“There was this level of irrational exuberance from proponents of the
new policy, but Congress hadn’t had a say yet,” said Jason I. Poblete, a
former Republican congressional staffer and an international regulatory
lawyer with Poblete Tamargo LLP who supports the sanctions on Cuba but
said he has been critical of both parties and prior administrations for
their Cuba policies. “Now they are having a say.”

But having a say and reversing the policy are two different things –
although Rubio will have an outsized role in the debate.

“People take what he has to say very seriously,” said Darrell M. West,
vice president and director of governance studies at the Brookings
Institution, a Washington think tank.

But the president has substantial executive power on his side. “He can
open an embassy, he can liberalize travel restrictions, he can increase
the amount of money that people living in America can send to Cuba,”
West said. “There’s very little Sen. Rubio can do about those things.”

Rubio “has the ability to stop the parts of the initiative that require
congressional approval, like ending the embargo,” West said. “What he
can’t block is opening an embassy.”

Beyond that are the big issues of freeing travel between the two
countries and ending the embargo that has cut off Cuba from most trade
with the United States. Legislation already has been introduced in
Congress to accomplish both of those goals, though experts say Rubio and
his allies have significant ability to sway the debate.

In an interview with the CBS News program “60 Minutes,” House Speaker
John Boehner, R-Ohio, and Senate Majority Leader Mitch McConnell, R-Ky.,
expressed opposition to the president’s plans, and Boehner was skeptical
that the most ambitious of them – such as repealing the trade embargo
with Cuba – would go anywhere. Asked whether the trade embargo would
stay in place, Boehner said, “I would think so.”

Carl Meacham, a former senior Republican aide on the Senate Foreign
Relations Committee who’s now at the Center for Strategic and
International Studies, a Washington think tank, said that while support
for the trade embargo is on the decline nationally, Rubio’s position as
a voice for the Cuban exile community means its voice will be heard. A
recent national poll by the Pew Research Center found two-thirds of
respondents favored ending the embargo.

But whether the voice of the Cuban-American community will steer enough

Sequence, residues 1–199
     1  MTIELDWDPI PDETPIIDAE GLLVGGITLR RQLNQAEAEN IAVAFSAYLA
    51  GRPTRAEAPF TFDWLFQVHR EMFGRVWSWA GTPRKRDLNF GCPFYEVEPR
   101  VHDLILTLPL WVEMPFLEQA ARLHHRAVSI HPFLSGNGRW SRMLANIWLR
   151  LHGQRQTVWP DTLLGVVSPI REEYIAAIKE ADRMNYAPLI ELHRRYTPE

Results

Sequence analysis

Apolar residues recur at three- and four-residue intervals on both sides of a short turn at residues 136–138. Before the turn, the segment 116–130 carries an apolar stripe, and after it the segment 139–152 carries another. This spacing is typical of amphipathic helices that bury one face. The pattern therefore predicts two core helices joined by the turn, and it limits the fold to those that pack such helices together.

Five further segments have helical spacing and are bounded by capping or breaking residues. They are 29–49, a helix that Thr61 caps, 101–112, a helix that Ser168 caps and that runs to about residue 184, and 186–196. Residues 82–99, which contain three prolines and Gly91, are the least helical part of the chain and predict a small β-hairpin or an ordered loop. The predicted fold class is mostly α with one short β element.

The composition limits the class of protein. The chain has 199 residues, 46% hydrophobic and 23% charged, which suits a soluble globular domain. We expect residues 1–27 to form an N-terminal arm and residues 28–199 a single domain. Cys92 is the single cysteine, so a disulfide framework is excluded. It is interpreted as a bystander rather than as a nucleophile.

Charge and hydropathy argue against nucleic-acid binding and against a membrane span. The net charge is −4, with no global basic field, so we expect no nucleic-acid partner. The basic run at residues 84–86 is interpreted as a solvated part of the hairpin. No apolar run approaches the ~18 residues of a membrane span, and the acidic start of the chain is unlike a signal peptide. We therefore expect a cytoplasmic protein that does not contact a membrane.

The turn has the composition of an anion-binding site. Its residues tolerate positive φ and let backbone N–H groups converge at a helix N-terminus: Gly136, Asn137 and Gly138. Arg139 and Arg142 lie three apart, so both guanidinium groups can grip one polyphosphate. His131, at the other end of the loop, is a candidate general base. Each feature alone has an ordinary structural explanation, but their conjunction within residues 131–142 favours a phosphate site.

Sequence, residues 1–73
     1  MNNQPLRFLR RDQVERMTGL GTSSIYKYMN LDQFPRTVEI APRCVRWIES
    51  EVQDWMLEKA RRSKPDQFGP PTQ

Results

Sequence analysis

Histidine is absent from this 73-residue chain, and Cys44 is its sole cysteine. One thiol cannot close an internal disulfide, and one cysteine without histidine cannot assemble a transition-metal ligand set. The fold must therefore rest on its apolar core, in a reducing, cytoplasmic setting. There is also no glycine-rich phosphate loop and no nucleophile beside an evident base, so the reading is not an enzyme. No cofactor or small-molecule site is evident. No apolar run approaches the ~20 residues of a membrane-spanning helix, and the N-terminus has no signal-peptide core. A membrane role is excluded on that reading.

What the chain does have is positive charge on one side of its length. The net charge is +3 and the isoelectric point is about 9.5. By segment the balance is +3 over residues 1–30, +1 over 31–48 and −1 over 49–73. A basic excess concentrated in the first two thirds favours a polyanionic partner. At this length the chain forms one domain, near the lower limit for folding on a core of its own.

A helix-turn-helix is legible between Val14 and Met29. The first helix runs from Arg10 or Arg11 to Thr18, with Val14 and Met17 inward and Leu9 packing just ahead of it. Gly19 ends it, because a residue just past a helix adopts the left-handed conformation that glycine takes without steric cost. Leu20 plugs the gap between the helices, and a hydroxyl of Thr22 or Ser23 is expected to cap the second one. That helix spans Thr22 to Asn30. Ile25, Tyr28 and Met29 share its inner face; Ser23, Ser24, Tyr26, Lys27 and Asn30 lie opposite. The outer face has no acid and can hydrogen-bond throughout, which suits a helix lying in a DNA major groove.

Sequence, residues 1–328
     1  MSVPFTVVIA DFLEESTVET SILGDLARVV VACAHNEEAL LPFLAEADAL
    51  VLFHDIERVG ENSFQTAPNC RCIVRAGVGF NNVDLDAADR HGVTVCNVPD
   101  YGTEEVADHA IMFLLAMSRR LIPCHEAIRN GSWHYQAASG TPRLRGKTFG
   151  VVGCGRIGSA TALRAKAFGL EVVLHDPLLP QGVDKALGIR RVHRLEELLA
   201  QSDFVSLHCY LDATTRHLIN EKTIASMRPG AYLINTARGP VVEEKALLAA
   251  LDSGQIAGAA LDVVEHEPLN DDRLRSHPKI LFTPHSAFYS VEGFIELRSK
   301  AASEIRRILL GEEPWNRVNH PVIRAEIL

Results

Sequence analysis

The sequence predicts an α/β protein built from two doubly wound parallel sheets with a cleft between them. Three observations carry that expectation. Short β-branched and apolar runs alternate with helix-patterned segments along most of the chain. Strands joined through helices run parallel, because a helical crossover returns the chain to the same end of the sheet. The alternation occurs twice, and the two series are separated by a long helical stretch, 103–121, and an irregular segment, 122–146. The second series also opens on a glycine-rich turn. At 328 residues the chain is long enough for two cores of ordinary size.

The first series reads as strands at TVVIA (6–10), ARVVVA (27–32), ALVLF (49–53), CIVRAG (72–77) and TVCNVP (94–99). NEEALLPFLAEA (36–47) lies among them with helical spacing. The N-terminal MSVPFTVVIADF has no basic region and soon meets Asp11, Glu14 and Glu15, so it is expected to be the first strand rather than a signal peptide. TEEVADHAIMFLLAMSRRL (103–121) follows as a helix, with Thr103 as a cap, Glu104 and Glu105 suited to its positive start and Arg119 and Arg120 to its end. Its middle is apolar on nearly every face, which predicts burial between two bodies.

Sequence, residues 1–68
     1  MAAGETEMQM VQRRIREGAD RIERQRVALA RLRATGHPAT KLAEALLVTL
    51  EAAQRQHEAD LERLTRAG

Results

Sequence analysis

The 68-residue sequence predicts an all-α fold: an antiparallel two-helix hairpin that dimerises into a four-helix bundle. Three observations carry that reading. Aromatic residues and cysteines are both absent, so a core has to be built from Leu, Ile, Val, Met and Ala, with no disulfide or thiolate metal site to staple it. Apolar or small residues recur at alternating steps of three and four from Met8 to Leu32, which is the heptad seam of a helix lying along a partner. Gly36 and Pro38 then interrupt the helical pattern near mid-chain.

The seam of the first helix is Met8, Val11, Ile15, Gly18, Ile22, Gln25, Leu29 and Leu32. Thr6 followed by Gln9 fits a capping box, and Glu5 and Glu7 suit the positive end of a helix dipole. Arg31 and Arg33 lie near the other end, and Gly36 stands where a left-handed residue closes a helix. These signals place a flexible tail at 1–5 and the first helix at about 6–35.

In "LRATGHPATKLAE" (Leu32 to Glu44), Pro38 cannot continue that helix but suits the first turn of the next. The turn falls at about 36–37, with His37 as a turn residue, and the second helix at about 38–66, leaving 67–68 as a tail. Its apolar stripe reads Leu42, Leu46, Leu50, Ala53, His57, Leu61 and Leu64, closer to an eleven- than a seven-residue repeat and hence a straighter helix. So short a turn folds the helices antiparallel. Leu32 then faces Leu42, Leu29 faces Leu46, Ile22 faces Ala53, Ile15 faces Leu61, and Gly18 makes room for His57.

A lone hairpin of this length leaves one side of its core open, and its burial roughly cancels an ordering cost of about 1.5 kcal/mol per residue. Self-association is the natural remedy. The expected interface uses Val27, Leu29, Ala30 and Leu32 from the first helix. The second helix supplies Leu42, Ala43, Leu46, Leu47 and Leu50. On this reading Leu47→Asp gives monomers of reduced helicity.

votes in Congress is unclear. Democrats are generally unified in a
pro-change position – with at least one major, influential detractor in
Sen. Robert Menendez of New Jersey – while Republicans are more
fractured, Meacham said.

The ultimate level of support that Rubio can expect for his position is
hard to pin down, thanks to libertarian-leaning Republicans and those
from agriculture states that would benefit from new markets.

“I really think Republicans are split on this issue,” Meacham said. “And
those Republicans who support the president’s decision on this should
not be ignored.”

Of all the potential changes to the relationship with Cuba, Meacham said
Obama is able to change one-third of them on his own. The other
two-thirds fall under the jurisdiction of Congress.

Email: Twitter: @CAdamsMcClatchy

The U.S. opening to Cuba will be a long and complex process, partly
controlled by the president and partly by Congress.

Financial, travel restrictions: The Treasury and Commerce departments
have already put into place regulations that give some additional leeway
for travel and financial transactions.

Embassy, ambassador: The U.S. is moving to beef up and convert its
diplomatic presence in Havana into a full-fledged embassy. The
administration ultimately will nominate an ambassador to Cuba, whom the
U.S. Senate would have to confirm.

Travel: Lawmakers have introduced legislation to end all travel
restrictions for Americans who want to visit Cuba.

Trade embargo: Legislation also has been introduced to end the embargo
that has curtailed most trade between the United States and Cuba for
five decades.

Source: Sen. Marco Rubio faces long odds of reversing Cuba policy | The
Miami Herald The Miami Herald –